Lately the Frightened and Panicked conditions have been kicking my players' asses, although they've persevered through the fights to win the day. Today I was doing more research on them (far from the first time I've read about them online from official rules to other GM opinions / interpretations/ homerules).

And I came across a post that directed to the Legacy PRD as hosted by Archives of Nethys. I like Archives of Nethys, but typically use d20pfsrd for quick online rule references. Anyways, it referred to Fear rules text I'd never seen before (despite looking up the Frightened/Panicked conditions dozens of times over the years) about being able to stop fleeing once out of sight and hearing from the source of fear. I went on to find these pages:

https://www.aonprd.com/Rules.aspx?Name=Fear&Category=Special%20Abilitie s


And then opened up my core rulebook PDF to discover Appendix 1: Special Abilities, which is the info from above links and which has a lot of important supplemental text that adds to what is included in Appendix 2: Conditions. All these years I'd only been seeing the information from Appendix 2 and thus applying an incomplete ruling. [face palm]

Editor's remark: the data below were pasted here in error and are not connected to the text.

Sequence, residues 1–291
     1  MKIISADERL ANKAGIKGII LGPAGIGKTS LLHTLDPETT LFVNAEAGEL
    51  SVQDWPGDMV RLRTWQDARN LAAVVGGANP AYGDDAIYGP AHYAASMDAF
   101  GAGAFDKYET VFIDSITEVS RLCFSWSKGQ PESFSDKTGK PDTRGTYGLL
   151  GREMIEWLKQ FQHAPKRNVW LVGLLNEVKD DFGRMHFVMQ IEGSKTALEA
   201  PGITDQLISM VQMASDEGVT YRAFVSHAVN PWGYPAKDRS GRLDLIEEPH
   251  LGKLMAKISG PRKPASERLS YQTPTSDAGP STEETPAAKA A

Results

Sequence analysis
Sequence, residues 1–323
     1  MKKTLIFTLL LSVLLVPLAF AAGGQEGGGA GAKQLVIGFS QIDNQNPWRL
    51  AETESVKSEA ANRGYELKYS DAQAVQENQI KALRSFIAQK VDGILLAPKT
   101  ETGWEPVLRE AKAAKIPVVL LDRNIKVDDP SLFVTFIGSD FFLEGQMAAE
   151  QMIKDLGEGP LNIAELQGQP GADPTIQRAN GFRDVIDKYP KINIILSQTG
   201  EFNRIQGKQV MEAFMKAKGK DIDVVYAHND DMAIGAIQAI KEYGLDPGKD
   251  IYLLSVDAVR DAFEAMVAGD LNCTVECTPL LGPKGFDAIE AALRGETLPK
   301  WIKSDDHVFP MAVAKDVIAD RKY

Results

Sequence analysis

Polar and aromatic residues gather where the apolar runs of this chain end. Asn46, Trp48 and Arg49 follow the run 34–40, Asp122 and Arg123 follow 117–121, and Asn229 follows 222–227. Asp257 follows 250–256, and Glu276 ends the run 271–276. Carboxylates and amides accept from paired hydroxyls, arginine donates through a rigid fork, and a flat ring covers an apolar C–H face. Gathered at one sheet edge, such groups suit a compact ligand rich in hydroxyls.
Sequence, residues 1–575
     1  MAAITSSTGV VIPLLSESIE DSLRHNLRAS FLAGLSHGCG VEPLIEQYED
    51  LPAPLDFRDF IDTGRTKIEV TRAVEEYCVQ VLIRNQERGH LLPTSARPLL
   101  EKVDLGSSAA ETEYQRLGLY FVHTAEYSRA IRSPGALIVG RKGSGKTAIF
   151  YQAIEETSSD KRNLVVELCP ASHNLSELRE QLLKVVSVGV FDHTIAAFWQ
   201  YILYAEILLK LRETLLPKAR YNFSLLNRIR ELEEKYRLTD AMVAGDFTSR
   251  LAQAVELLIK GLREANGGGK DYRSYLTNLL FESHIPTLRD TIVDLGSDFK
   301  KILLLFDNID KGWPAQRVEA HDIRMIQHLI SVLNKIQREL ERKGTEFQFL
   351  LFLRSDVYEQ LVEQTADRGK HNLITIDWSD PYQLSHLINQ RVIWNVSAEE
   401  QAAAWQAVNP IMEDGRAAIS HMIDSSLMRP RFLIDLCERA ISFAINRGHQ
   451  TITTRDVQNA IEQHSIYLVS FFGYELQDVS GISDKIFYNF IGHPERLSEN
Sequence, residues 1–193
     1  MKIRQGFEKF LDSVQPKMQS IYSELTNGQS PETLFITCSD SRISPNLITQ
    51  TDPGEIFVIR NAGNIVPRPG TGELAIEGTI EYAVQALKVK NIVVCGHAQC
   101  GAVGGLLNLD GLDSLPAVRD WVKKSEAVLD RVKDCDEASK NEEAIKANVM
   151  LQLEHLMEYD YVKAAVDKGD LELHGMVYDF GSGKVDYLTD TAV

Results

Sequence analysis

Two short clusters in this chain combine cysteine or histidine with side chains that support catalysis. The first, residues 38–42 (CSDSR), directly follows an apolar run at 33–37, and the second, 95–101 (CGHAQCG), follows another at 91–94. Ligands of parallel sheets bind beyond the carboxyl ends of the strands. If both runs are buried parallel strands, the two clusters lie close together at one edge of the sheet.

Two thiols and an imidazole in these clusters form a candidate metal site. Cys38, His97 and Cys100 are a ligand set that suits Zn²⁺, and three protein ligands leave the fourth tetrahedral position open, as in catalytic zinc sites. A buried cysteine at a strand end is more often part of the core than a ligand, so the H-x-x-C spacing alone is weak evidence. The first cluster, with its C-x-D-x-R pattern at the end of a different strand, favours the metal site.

The differences as described for the Frightened and Panicked conditions between these two appendices (above links vs this and this) would've greatly impacted the sessions. It just makes me shake my head that important information like this can often be spread out in different rules sections.

Does anyone else out there often feel like this?

Ryze Kuja wrote:
I think the question has been answered. Unless anyone objects, let the hijack commence!

OP here. By all means, proceed with thine evil machinations. I'm glad to have provided the platform for such treacherous endeavors.

Also, I asked the same question on reddit in case anyone is looking for additional opinions on topic: reddit post.

Artofregicide wrote:
By RAW, probably not. I'd allow an absurdly high handle animal or ride check though.

What feels right for absurdly high DC? The Ride skill is DC 20 to control a non-combat trained mount. This is a combat trained mount that is Panicked, and basically had its training temporarily blasted away due to supernatural / spell-like extreme fear.

And to incorporate Diego's point above, "Random is random," would a 50% chance the animal still ignores the rider's command be too strict? I know we're outta RAW territory here, I'm trying to get a sense of when I become a dick GM vs. a realistic / kinda gritty GM.

Ride Rules: https://www.d20pfsrd.com/skills/ride/

Panicked Condition: https://www.d20pfsrd.com/gamemastering/conditions#TOC-Panicked

If a mount gains the Panicked condition from an enemy spell/ability, can the rider of the panicked mount use ride checks to have even a slight degree of control over the animal?